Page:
WA corruption watchdog still waiting for Phil Edman’s laptop from MP expense scandal
The laptop belonging to a former WA MP, who used a taxpayer-funded allowance to visit strip clubs and travel interstate to meet women for sex, still has not been handed over to officers investigating potential wrongdoing.
- The CCC has been fighting for years to be given access to Phil Edman’s laptop
- Mr Edman said the laptop’s information could “bury people”
- Scores of deleted files have just been discovered on the computer
The laptop seized from former Liberal MP Phil Edman contained more than 150 gigabytes of deleted material investigators said could be of “significant interest”.
But two years after the Corruption and Crime Commission found Mr Edman used his electorate allowance for strip club visits, speeding fines and yacht expenses, the watchdog was still waiting to be handed back that computer by the Upper House of State Parliament.
Mr Edman was recorded as saying the laptop contained “enough stuff … to bury a f***en lot of people”.
“Don’t know when we will ever get them.”
Mr McKechnie said officials had only just discovered the existence of the extra 150 gigabytes of data on the laptop.
“It’s a concern because after two years to suddenly find there’s 150 gigabytes that hasn’t apparently been looked at — when are we going to get the laptop?” Mr McKechnie said after the hearing.
“The process had been largely completed except for what are called slack spaces.
“The slack spaces, as I understand it, are places where deleted material is to be found so, in broad terms, all the deleted material which as you might imagine, could be of significant interest.”
Long-running probe into MP expenses
The laptop examination stems from a bombshell 2019 CCC report, which found Mr Edman had also used his electorate allowance to fund lavish dinners, home insurance bills and lotto syndicate costs.
That report also found that fellow former Upper House Liberals Brian Ellis and Nigel Hallett engaged in serious misconduct by deliberately choosing to use their electorate allowances to fund personal lifestyle expenses.
As part of the MP expenses investigation, the corruption watchdog seized a laptop and two hard drives belonging to Mr Edman.
But the CCC had to hand those back amid a fight with the Legislative Council over whether it could access the material, a conflict that was only resolved in the Supreme Court earlier this year.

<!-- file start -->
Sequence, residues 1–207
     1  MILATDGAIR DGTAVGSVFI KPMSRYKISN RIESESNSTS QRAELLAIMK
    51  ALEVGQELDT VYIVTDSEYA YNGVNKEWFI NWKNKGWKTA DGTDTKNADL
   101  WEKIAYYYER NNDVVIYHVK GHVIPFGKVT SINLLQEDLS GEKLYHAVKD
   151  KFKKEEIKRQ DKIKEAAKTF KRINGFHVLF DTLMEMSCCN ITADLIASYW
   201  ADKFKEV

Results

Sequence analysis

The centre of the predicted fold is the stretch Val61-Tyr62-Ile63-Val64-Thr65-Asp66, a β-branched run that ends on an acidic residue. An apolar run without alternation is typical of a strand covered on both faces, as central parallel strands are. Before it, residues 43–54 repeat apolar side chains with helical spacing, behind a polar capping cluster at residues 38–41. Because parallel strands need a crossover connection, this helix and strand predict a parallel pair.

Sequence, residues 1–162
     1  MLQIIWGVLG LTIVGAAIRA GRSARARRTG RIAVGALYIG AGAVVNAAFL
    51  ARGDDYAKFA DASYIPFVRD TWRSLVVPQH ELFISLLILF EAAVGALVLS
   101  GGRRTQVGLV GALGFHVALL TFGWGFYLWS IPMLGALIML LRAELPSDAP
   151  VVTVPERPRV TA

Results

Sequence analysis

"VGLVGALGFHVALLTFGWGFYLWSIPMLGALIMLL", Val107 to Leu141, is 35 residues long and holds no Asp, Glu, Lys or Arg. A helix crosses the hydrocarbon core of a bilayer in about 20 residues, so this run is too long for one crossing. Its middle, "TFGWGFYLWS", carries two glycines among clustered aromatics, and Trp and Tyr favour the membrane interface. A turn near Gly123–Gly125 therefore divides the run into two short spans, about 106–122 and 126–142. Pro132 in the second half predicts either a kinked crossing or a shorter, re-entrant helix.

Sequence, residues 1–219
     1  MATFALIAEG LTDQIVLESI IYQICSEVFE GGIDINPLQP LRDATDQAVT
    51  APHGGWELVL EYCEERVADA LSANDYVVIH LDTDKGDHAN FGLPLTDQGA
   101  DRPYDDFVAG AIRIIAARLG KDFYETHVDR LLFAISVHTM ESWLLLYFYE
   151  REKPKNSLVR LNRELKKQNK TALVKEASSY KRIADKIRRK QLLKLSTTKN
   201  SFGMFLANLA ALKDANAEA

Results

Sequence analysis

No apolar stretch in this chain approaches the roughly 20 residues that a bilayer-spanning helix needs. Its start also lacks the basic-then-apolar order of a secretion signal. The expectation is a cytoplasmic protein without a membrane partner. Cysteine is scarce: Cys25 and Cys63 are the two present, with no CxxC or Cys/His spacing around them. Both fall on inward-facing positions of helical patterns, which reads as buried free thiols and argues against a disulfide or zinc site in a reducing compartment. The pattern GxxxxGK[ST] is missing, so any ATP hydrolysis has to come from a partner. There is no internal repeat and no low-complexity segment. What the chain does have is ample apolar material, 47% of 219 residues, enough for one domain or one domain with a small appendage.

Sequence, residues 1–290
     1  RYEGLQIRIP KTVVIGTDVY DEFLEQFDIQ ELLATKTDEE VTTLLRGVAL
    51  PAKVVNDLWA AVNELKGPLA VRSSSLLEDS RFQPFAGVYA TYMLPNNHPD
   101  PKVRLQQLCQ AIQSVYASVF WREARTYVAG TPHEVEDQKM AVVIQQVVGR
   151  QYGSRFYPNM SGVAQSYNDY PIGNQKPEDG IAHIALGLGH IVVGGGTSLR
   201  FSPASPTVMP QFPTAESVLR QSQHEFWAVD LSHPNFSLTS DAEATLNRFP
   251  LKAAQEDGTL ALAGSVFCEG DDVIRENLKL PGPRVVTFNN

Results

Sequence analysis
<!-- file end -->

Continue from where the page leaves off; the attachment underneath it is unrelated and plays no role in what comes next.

But the computer is still yet to be returned to the CCC and remains under the control of the Legislative Council.
Appearing before the parliamentary committee, which oversees the CCC, Mr McKechnie expressed frustration in the long wait to regain access to the laptop.
“After two years, suddenly to find, well, it might be a long time yet, or not, we don’t know,” Mr McKechnie said.
“I’m open to anybody helping.
“It’s a technical issue but it’s very vexing.”
Mr McKechnie said he was still unsure whether Mr Edman’s claim that material on the laptop could “bury” politicians was accurate.
“No idea whether that is bombast, whether it is true”, he said.
Delay a ‘serious matter’: McKechnie
The dispute with the Upper House over the laptop was centred around the existence of material on the computer covered by parliamentary privilege.
Mr McKechnie said privileged material should be redacted but insisted two years was enough time for that to occur, describing it as a “serious matter for the state”.
The Legislative Council may have “accidentally bitten off more than it can chew” in seeking to examine the material itself, Mr McKechnie said, insisting police and the CCC could have done it under the supervision of parliamentary officers.
“This is what we do,” Mr McKechnie told the committee.
“We know what we’re looking for.
“We have some defined search terms.”
He described the discovery of the laptop as an “accidental event”, as he didn’t expect it would be found in Mr Edman’s home, “let alone his description of it later”.
This prompted a committee member, Liberal MLC Steve Thomas, to say he was “amazed” the laptop was still held.
But Mr McKechnie said he did not think the Legislative Council was intentionally delaying the process.